• Cat Graham

The Power of the Pivot

We all try to have a plan. We plan our day, our meeting schedules, our deliverables. We even plan work-backs to make sure we are being as organized and planful as possible. Planning is good. Scheduling is good.

We are also all human, and factors in our personal and professional lives can create havoc with our neatly laid out plans. Change is bad, predictable is good.

Or is it?

Some of the very best work I have seen done by my team at Cheer Partners execute is when the wrench is thrown into the mix, when the plan deviates and when we are forced to come up with plan B. Our team, working with a long-standing client, measured the results of a piece of intranet content and found they were lower than we had hoped. We knew to meet the client’s goals, we had to change our approach. We recommended that we try a visual storyboard for the next content rollout. We had very little time and knew it was risky, but we ended up with content that had the highest engagement numbers by far for this group and was repurposed for training.

There is a saying by Albert Einstein, “If you always do what you always did, you will always get what you always got.” But he is equally famous for another saying, “Insanity is doing the same thing over and over again and expecting a different result.” What makes the magic is what we dare to try or are forced to change. Nothing is static. People change, organizations change, and by nature, our approach to work and life should change. Information and data points help inform where we need to make alterations to plans. We are more conscious of our physical health because we have a phone that counts our steps. Nutritional awareness has come such a long way that as a country we have reduced obesity. Instagram and LinkedIn were created because of the need to change the way we communicate with each other and stay in touch. Change is constant, and instead of resisting it, we should develop methods to embrace it.

One of the ways we can adapt and accept change is through better preparation. It sounds counterintuitive but hear me out. The more mystery books you read, the better your deductive reasoning; so, when a mystery shows up in real life, you have an approach. The same applies to work. The more you expand your knowledge in your field, the more perspectives you develop and you can begin to see things through a different lens. When a budget or audience changes, you can be prepared to adapt or pivot to achieve results. Reading case studies, thought leadership and attending webinars all help you to build an arsenal to be prepared when things go right, wrong or simply change. These ideas are even more true now during the COVID-19 pandemic and the vital social justice movements across the nation and the world. Plans change in our personal and professional lives, and the quicker we can adapt the program, the less stress we feel and the more control we gain.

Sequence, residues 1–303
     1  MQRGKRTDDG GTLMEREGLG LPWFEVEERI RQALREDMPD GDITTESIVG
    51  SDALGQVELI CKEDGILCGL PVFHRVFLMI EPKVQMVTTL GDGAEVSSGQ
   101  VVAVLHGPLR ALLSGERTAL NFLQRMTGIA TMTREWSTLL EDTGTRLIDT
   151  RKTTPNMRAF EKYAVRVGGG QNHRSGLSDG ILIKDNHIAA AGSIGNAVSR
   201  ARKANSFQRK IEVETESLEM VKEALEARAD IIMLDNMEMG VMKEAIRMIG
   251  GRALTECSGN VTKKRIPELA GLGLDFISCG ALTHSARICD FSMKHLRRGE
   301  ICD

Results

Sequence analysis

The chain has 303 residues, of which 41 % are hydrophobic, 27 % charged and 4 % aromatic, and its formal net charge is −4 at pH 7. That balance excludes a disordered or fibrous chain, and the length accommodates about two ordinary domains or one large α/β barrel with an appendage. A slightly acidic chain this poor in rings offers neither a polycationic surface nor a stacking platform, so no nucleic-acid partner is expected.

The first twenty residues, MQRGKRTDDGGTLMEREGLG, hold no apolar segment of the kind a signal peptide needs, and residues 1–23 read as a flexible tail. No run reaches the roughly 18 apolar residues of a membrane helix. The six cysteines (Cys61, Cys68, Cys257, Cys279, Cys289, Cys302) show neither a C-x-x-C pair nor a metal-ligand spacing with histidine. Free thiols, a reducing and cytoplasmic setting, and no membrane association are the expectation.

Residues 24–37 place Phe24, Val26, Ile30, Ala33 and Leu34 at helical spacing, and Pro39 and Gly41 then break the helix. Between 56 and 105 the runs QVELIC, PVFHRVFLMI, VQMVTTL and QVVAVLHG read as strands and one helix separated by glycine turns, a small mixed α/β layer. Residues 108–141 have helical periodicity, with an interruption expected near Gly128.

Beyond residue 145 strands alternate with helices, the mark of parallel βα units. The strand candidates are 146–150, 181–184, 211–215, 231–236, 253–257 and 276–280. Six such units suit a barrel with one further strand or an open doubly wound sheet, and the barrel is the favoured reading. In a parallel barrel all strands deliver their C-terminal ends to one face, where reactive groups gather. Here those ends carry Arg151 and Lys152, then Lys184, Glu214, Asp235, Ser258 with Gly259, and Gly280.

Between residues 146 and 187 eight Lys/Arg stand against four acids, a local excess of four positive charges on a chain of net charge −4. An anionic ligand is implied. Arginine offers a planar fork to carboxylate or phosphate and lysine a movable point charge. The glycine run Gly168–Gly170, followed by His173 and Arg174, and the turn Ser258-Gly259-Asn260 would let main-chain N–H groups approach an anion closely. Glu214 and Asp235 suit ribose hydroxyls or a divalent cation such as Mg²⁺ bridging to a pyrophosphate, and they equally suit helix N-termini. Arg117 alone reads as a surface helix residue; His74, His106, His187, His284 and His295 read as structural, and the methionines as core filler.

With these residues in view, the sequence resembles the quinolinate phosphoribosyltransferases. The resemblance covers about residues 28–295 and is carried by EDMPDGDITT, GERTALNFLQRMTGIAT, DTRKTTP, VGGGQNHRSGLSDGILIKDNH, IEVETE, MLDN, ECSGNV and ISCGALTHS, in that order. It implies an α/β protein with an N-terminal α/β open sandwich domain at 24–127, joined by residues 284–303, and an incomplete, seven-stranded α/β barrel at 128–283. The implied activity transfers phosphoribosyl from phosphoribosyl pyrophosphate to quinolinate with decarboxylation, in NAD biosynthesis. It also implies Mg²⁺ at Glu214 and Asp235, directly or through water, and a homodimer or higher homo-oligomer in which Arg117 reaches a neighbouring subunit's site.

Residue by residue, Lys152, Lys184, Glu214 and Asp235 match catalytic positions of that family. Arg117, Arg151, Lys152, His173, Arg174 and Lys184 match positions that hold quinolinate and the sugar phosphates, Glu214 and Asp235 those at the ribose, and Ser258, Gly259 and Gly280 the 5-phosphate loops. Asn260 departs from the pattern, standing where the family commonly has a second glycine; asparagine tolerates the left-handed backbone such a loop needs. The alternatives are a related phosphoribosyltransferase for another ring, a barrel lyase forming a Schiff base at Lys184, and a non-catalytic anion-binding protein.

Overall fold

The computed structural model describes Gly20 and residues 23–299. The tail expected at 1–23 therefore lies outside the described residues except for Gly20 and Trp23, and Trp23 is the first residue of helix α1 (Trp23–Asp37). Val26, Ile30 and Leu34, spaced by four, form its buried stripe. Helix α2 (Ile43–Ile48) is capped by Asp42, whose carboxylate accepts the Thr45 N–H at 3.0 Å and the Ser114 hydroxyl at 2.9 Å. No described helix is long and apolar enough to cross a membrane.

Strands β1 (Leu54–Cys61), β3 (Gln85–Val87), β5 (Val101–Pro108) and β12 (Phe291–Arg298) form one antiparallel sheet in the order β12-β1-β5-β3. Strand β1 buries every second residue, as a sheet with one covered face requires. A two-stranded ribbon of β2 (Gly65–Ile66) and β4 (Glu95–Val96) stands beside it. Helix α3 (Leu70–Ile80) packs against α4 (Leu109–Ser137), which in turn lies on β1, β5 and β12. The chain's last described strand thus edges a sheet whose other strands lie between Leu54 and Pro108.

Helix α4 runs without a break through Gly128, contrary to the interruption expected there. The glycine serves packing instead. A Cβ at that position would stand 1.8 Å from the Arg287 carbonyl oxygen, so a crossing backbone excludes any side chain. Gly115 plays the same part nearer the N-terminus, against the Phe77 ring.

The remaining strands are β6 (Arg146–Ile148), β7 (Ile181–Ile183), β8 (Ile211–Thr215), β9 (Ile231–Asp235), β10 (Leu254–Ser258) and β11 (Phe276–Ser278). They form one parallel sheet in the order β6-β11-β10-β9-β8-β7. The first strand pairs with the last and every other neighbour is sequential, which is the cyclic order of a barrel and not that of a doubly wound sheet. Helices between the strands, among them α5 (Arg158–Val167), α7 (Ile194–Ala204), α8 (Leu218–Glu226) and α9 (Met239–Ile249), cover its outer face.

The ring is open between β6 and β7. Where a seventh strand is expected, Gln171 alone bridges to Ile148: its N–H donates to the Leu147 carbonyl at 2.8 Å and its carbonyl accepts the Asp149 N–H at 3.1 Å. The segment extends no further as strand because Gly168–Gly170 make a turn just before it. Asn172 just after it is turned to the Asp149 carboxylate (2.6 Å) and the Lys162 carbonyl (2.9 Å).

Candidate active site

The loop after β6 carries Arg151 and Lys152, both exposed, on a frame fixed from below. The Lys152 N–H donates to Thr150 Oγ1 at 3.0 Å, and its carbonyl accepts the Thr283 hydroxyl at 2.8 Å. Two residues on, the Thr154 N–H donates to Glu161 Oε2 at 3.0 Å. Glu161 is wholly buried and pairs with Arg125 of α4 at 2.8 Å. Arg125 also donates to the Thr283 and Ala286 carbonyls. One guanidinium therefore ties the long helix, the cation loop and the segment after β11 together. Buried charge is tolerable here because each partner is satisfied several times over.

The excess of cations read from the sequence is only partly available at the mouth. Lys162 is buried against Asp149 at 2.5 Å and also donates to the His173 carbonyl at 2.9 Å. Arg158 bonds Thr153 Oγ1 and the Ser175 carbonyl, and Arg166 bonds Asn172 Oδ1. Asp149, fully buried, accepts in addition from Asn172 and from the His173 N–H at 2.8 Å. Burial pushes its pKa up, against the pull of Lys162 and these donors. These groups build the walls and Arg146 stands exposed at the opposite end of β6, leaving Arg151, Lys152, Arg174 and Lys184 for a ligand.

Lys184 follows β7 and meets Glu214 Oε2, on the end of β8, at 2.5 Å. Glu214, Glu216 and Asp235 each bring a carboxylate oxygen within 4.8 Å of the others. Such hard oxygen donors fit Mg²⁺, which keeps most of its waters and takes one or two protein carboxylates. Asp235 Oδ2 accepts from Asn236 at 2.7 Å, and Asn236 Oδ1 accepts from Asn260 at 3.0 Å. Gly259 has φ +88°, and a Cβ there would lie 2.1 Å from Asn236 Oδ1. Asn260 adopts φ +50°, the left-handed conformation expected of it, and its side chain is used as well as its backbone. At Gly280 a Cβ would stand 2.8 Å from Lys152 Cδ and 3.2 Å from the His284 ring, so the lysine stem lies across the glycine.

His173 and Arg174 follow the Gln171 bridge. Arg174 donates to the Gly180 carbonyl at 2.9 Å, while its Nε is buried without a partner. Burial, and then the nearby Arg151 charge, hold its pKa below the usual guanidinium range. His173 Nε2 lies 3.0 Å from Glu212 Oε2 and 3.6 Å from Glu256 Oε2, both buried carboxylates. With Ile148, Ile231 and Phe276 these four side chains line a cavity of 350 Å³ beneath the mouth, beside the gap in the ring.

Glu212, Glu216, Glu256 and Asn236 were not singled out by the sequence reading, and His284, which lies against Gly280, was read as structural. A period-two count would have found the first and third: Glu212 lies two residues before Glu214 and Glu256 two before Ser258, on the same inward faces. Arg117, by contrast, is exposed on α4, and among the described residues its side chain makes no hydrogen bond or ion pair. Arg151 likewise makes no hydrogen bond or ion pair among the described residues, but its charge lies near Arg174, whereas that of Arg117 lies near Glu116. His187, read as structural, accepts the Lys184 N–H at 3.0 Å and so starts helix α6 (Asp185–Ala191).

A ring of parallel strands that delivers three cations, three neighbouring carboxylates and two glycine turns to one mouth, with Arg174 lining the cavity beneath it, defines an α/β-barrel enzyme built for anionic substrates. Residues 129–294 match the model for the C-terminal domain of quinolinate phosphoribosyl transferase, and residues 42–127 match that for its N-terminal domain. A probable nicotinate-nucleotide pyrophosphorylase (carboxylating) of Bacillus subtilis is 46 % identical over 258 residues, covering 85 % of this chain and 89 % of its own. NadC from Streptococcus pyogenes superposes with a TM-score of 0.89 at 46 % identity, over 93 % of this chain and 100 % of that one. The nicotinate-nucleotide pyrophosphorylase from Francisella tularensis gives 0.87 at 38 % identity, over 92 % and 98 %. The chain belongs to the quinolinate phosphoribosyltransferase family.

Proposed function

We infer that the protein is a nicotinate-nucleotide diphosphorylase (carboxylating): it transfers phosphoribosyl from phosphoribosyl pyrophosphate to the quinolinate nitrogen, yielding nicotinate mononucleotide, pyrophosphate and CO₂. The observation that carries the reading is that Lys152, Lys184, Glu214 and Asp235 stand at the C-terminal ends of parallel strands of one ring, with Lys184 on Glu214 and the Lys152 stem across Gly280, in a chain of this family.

The ability to pivot is powerful and like anything novel and untested, does come with risk. You can manage your risk with preparation, having your ideas challenged by teammates and doing your research. When there wasn’t a budget to bring everyone together for a town hall, and the client didn’t want a bunch of people on a conference bridge zoning out, we created an experiential town hall that was engaging and really resonated with the audience of ten thousand people. When another client couldn’t get buy-in on an established plan we created, we flipped the script and came up with something everyone was really on board with. All of our award-winning work at Cheer Partners was due to calculated risk-taking and pivoting. I encourage everyone to develop this superpower and I look forward to the success it can bring in any facet of your life. Big or small, the pivot can be your very best tool.